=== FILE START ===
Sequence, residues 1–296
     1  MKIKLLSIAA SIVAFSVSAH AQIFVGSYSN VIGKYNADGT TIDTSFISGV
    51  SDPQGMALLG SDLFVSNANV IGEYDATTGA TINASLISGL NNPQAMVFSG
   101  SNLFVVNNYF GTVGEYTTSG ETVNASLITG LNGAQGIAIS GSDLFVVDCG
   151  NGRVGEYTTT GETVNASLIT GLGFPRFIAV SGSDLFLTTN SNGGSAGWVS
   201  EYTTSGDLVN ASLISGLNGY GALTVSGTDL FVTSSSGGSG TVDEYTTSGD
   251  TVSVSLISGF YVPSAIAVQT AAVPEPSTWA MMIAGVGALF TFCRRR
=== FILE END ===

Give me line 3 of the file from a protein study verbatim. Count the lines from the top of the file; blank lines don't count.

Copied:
    51  SDPQGMALLG SDLFVSNANV IGEYDATTGA TINASLISGL NNPQAMVFSG